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The Cognitive Dissonance of Drug Censorship on Social Media

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The Cognitive Dissonance of Drug Censorship on Social Media

On November 16, I posted an Instagram reel promoting a fully legal South African herb called kanna in collaboration with the Healing Herbals supplement brand.

The video immediately generated public interest and discussion in the relatively obscure herb across Instagram, as well as on several other platforms where I posted the clip. Real, traceable people shared their personal experiences with kanna, best practices for consumption, scientific information about the plant (including links to academic resources), and more in a constructive and informed, transparent public discourse.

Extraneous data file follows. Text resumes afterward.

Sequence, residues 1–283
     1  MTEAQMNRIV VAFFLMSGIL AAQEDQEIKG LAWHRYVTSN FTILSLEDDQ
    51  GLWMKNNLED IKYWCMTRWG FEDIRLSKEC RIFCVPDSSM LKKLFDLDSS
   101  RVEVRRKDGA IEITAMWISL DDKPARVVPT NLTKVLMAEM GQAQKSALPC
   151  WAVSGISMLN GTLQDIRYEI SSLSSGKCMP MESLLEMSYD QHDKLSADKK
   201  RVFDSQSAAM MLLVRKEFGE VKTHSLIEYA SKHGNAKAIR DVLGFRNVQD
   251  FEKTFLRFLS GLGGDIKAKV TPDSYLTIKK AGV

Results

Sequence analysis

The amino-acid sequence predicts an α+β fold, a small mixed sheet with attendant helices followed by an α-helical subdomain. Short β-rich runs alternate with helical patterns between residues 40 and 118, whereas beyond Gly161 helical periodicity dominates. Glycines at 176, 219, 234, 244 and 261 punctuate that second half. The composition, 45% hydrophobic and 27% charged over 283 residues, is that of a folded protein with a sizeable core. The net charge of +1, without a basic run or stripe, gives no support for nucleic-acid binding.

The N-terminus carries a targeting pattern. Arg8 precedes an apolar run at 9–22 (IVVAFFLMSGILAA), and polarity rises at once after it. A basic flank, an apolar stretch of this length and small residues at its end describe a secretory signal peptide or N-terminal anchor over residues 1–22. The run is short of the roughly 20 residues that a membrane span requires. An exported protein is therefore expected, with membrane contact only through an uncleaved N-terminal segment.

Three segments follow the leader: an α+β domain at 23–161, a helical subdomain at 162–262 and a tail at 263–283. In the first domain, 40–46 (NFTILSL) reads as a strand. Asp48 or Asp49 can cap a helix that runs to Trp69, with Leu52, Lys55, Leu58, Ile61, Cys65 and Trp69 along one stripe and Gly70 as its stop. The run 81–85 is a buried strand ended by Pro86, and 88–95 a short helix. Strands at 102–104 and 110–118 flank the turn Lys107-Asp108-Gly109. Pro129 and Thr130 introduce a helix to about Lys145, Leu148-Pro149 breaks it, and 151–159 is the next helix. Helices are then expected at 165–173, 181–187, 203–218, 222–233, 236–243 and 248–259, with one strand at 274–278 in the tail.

Two hours later, my 25,000 follower Instagram account and professional network at @mycopreneurpodcast was permanently deplatformed, despite having no warnings or previous strikes upon my library of content,  which includes hundreds of similar, original videos and posts from the previous three years. A final, ambiguous and automated Instagram / Meta ban was effected with the explanation that my account “doesn’t follow our Community Guidelines on guns, drugs, and other restricted goods,” according to Instagram.

The kanna video that triggered the ban remains up on my TikTok and Twitter accounts, where the same library of content I’ve accrued remains unaffected and in good standing with the community guidelines on those platforms.